If I want to see what else is in the Ch02 folder, I could just click Ch2. So, in this way, it works just like Bridge does. You can just double-click folders to drill down and you know, click up here to go up. You can also use this menu up over here that shows you the current hierarchy of where you are, or shows you recent folders, or any of your favorites. Now, these Favorites are Bridge Favorites and Bridge and Mini Bridge stay synced as far as favorites are concerned. This is especially useful I think for Windows users who don't really get much of a chance to customize the little sidebar that's in their File and Save As dialog boxes, not as much as Mac users do.

So, if there are, you know, certain folders on your hard drive or on your server that you are constantly going into, while you're working in InDesign, why not just open up Mini Bridge and add them to your favorites? So let's just say, for example, that I want to add Exercise Files to my favorites. I will just select Exercise Files and go up one more level so that I see Exercise Files here. And then I can right-click and choose Add to Favorites. And now they'll appear here in my Favorites panel. So up over here, we have the Navigation panel and the Content panel.

Navigation has your Bridge favorites, recent folders and files and any collections that you have saved, or created in Bridge and that's a topic for another video. But basically they're just like saved searches, is what a collection is. You cannot create collections in Mini Bridge. You can only do that in that in the big Bridge. Now if I want to get rid of a Favorite, I can just right click on one of the existing Favorites like for example, I never go into the Pictures folder, so I'm going to right click on here and choose Remove from Favorites. That does not mean that I will never be able to get there? I mean I could always get to any file or folder on my hard-drive from within Mini Bridge just like I can from Bridge just by going to, starting with computer and drilling down all the way to where I need to go.

If I had more than one hard-drive, hooked up here or a server and so on, they would all appear here in the Content panel. But I'm going to go back to Recent Folders, which was my Mini Bridge folder. You should know that as soon as you open that Mini Bridge and click the Browse button, what happens in the background is that InDesign opens up Bridge. Because Mini Bridge is kind of showing you a lot of processing power that Bridge is doing in the background. You'll see that if you ever quit Bridge, Mini Bridge will give you a little alert, saying that it can't really show you stuff because Bridge isn't running.

So there is little bit of magic happening in the background. But one interesting thing is that you can just click right here on Bridge to go to Adobe Bridge and you can see for yourself that the Favorites in Bridge are synchronized with the ones in the Mini Bridge. So let's say that you jump to Adobe Bridge to do something that you can only do in Bridge, like for example, one thing that you can only in Bridge is add metadata and keywords. You can't do that in Mini Bridge unfortunately, also like you can't add folders in Mini Bridge. You can in regular Bridge.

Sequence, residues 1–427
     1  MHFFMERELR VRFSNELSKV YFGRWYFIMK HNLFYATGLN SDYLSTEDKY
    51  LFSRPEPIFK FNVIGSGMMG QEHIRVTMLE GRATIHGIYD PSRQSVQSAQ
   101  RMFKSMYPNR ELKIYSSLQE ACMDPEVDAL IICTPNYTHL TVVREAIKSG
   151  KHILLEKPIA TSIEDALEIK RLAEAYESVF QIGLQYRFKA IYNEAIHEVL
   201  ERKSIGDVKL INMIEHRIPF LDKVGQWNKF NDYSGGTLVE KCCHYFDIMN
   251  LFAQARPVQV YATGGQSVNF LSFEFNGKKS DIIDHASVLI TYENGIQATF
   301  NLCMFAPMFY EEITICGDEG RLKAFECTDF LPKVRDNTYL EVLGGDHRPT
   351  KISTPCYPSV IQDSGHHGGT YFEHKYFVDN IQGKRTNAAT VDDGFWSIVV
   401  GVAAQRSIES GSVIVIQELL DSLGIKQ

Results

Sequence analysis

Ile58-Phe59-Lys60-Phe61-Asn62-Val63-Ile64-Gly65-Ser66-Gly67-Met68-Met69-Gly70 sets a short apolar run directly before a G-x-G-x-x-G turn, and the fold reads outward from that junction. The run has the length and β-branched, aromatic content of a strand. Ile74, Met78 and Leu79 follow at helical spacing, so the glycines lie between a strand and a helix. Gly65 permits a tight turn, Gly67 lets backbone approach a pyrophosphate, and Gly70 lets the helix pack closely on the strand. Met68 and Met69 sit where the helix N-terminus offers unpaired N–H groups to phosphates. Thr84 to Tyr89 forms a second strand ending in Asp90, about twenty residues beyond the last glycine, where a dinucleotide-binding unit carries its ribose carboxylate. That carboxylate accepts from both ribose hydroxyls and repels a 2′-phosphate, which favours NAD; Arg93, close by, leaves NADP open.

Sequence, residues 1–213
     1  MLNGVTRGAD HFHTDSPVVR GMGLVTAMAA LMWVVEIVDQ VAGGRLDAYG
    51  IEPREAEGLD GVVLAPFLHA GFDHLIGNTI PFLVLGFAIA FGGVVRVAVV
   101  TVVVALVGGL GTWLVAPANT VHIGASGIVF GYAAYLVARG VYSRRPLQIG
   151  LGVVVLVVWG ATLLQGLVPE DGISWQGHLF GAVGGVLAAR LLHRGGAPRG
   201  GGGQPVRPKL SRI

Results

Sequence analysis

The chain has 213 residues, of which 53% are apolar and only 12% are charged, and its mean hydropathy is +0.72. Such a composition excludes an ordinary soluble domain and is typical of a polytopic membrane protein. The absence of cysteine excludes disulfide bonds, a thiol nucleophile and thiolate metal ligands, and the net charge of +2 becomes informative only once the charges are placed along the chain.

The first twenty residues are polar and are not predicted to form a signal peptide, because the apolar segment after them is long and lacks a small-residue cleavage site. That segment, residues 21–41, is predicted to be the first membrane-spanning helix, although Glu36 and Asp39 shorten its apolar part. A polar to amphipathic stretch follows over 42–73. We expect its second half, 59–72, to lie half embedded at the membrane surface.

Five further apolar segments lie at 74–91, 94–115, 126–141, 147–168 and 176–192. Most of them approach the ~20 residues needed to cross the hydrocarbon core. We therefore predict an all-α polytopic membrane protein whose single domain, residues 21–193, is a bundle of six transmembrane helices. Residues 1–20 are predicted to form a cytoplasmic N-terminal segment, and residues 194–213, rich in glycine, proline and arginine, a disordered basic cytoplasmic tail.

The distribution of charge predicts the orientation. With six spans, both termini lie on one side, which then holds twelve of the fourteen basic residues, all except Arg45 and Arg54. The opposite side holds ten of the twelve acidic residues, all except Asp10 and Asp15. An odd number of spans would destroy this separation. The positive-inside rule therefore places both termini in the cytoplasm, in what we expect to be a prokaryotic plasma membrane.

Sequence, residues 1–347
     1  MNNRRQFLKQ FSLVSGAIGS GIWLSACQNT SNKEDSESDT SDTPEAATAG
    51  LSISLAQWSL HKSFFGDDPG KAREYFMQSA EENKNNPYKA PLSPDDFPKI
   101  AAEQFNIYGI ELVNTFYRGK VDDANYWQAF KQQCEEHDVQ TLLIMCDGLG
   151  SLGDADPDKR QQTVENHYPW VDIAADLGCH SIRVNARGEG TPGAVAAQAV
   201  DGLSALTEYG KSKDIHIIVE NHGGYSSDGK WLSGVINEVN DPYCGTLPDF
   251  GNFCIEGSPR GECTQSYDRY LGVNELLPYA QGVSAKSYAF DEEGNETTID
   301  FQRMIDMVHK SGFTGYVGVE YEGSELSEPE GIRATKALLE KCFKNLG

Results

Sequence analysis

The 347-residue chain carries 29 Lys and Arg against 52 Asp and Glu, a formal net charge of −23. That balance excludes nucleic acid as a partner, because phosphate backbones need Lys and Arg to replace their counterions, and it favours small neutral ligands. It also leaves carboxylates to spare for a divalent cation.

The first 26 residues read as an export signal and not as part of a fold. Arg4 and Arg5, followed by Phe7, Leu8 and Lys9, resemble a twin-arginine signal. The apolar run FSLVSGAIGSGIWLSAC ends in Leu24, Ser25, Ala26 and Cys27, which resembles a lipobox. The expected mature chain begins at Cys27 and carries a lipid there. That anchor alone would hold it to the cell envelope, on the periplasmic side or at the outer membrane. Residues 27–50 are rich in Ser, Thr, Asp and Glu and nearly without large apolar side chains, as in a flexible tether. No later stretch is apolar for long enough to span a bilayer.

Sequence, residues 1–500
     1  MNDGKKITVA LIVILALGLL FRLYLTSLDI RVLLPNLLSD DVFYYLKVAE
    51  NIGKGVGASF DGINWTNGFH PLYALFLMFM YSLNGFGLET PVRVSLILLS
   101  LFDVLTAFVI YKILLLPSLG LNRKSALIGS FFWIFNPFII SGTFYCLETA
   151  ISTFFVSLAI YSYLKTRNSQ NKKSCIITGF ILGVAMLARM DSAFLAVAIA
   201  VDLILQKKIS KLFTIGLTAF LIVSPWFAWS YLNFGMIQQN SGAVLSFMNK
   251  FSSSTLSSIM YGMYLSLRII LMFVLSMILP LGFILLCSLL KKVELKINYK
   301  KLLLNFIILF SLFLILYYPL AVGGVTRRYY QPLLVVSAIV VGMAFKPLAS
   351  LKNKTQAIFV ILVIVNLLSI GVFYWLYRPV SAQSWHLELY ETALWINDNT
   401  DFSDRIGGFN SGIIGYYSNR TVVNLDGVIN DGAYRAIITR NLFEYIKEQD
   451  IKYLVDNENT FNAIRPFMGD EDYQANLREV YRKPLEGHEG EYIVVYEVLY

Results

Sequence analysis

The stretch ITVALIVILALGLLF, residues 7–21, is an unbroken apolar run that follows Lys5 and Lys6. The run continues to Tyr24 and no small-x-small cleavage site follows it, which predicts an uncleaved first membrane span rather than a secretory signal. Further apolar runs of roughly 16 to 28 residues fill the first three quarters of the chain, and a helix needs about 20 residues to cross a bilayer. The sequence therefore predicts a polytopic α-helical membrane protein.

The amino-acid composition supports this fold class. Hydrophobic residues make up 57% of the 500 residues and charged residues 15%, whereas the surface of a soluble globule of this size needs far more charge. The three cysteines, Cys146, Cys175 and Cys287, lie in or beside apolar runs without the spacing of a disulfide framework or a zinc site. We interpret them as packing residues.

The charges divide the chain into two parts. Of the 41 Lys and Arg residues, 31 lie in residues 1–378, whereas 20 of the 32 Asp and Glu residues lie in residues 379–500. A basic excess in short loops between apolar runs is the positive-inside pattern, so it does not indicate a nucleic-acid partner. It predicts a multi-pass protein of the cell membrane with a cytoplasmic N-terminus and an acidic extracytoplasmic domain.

If I right-click I can choose New Folder but if I switch back, if I click File, return to Adobe InDesign and I right-click here in the Content folder, you see there is no new folder. So you're probably going to be bouncing back and forth on occasion. Let me show you a great tip for that. Let's say that we go back to Bridge and let's say that I'm navigating elsewhere here, like I'll go up to Ch02 and I will go to Exercise Files and look inside one of the folders of something that we've already covered, so like say Auto-fit, if you go back to InDesign at this point, just using an application switcher, like I am going to press Command+Tab, here or you press Alt+Tab on a PC, you can see that Mini Bridge doesn't match. It's remembering its last view.

If you do stuff in Bridge and you want Mini Bridge to reflect the view that you have in Bridge, then instead of just using the application switcher, use the keyboard shortcut or the menu command Return to Adobe InDesign. Now of course, if you had come here from say Photoshop which also has a Mini Bridge, it would say Return to Adobe Photoshop but we're just going to say Return to Adobe InDesign and you see that it automatically syncs. So, that is a cool, cool tip that you should know about. Now, you may be wondering by the way, what is this little icon on the sides of some of these InDesign documents? Well, actually it's on every InDesign document that was created in CS5.

This is a new feature that is supported, in both Bridge and Mini Bridge and it actually can find all the linked files. That means that there are files linked to this layout. So if I right-click on this layout in Mini Bridge or in Bridge, I'll see a command that says Show Linked Files and I'll immediately get little thumbnails of all of the files that were linked or placed into that InDesign file. And you can see that it has created something called Linked files of; it's kind of like a little temporary collection.

And I just love that feature because it's so often that I want to reuse a picture or bring in a logo, from a project that I did and I have no clue what the file name was, right. Not too sure where I stored it either. So, instead I'll just go to the document that I know I placed it in, and then I can right-click, and what's also beautiful is that here in one window, are all these files and I may have linked to them from all sort of different folders, right. But I don't need to worry about all the different folders they've been scattered in. And if I drag-and-drop one of these files right into my layout, which is the main reason you use Mini Bridge is actually to bring in assets.